There/Not ThereOctober 25 - November 22, 2006
Jason SalavonDevorah SperberDebbi SuttonEugenie Tung
Each artist in this exhibit, to a degree of ambiguity necessary for their respective projects, has purposely manipulated the viewer's ability to see certain aspects of each piece. By employing both enhancement and disguise, objects are made simultaneously accessible and elusive, visible and invisible, present and absent. Cognitive as well as optical aspects of perception are exploited in dramatically personal ways to achieve distinctly poetic essays on vision, memory and meaning.
Jason Salavon uses computer technology to create amalgamations, images made from merging digital scans taken from series-format photographs like portraits for weddings or high school yearbooks. The final image he produces reveals the underlying similarities of the source material in an unsettling blur. Each print in the exhibit is produced through software authored by the artist designed to generate mean and median pixel values in each of the scans taken of the original photos. The result is an image that heightens our awareness of social and visual convention by revealing the deleterious effect of these conventions on individual variation. Salavon's images, simultaneously familiar and strange, raise fascinating questions regarding our disposition toward conformity.
Having hidden the image in plain sight, Devorah Sperber's work relies on our getting beyond her wall hanging's reticent physical components. Spools of colored thread, themselves threaded onto hanging vertical lines, create a strong sense of material presence while implying an illusion through intense but dispersed color. When viewed through a lens provided by the artist the art historical image of each piece is clearly revealed, placing the viewer in the role of retinal witness, physically mimicking what goes on inside the eye. The participatory intimacy the viewer experiences serves to amplify the always troublesome distance between an actual masterpiece and its mere reproduction.
Debbi Sutton creates metaphorical resonance in a simple wooden chair. In this particular piece, designed for this exhibit, Sutton gives us a dismantled chair wrapped mummy-like in white string, scattered on the gallery floor. Floating above is the shadow of the fully constituted chair cast by disparate parts of paper cutouts suspended at varying distances from a light in the center of the gallery. The shadow overtakes the actual chair in visual prominence, thus giving the illusion a greater sense of reality than the physical remnants below. The chair, as the title suggests, is meaningless, but significantly so. Its several manifestations are forever caught between differing realities, its former use, and its unlikely future use.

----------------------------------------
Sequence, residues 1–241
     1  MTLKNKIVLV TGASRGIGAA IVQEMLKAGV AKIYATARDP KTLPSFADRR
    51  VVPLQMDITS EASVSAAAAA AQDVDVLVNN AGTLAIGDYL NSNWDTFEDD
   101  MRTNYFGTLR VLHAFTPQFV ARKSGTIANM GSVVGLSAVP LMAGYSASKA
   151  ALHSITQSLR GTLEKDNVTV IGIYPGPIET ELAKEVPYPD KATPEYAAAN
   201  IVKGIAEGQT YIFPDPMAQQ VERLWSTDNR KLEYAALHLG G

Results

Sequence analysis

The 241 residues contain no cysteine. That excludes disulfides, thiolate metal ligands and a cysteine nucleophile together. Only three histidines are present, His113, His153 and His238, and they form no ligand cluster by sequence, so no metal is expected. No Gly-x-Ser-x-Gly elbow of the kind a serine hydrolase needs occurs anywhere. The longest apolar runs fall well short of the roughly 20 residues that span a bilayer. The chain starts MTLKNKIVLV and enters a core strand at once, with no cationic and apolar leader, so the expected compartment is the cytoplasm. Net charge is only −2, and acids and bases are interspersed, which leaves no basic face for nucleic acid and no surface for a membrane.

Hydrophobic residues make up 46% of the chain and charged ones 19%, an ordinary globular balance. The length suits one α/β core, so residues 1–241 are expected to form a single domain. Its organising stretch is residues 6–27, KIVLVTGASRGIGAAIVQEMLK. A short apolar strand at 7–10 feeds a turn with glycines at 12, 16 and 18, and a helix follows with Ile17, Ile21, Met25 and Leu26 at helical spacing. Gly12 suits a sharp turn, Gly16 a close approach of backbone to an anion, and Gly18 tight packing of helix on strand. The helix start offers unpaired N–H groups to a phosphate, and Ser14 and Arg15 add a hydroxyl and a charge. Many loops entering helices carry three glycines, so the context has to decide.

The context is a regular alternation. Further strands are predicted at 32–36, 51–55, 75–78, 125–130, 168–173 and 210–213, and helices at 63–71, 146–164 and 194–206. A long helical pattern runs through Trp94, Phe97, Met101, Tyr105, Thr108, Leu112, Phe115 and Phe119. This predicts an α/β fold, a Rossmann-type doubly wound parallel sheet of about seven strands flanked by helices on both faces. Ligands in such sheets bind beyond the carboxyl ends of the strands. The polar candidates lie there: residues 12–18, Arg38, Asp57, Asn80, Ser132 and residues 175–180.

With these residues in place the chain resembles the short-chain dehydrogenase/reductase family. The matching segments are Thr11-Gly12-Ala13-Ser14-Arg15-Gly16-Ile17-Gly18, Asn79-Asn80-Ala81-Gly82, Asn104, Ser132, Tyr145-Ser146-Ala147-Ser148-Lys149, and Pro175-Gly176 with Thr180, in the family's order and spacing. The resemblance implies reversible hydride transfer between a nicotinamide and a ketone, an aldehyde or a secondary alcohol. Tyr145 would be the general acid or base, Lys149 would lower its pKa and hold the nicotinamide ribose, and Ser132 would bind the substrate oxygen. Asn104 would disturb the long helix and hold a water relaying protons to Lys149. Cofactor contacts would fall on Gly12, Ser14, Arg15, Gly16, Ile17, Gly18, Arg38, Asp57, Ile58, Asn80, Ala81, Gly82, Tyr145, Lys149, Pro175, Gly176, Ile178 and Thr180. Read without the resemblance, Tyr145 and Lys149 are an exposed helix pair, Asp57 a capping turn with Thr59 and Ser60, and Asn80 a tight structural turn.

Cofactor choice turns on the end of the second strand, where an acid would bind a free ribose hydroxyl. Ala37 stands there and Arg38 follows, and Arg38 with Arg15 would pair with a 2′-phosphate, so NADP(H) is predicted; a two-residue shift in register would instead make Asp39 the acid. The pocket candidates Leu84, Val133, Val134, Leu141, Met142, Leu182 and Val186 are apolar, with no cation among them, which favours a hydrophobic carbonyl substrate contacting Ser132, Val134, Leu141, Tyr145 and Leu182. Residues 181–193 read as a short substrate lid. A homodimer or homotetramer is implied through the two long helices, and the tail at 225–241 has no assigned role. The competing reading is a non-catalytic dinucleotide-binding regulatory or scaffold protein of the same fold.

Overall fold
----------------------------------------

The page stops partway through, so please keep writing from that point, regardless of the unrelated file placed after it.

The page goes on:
Moving in a large city from one rental apartment to another is an exercise in spatial awareness executed by a separating of the personal from the shared, the private from the public. Eugenie Tung explores the deeper aspect of this exercise in a series of photographs taken of rented apartments prior to her moving out. The photos are partially painted in order to remove her belongings from the image. By choosing color that matches the space, a Jasper Johns-like double reading leaves us with the artist's possessions visible only as ghost-like traces in the psychologically vacated emptiness.
Jason Salavon100 Special Moments (The Graduate)digital c-print2004
100 Special Moments (Newlyweds)digital c-print2004
Class of 1988 ...silver gelatin print1998
Class of 1967silver gelatin print1998
100 Special Moments (Kids with Santa)digital c-print2004
After Picasso 5,024 spools of thread, stainless steel chain, clear acrylic viewing sphere2006
After Van Eyck ...5,024 spools of thread, stainless steel chain, clear acrylic viewing sphere2006
Meaningless Chair V - Extended... imagemixed media installation2006
15 Lawton Street, Living Room Areaacrylic on c-print2006
15 Lawton Street, Home Office Areaacrylic on c-print2006
23b Horace Court, Kitchen and Dining Areaacrylic on c-print2006
930 Indian Street, Home Office Areaacrylic on digital print2004
1775 SE Columbia Drive, Living Room...gouache on digital print2004
930 Indian Street, Dining Areagouache on digital print2005
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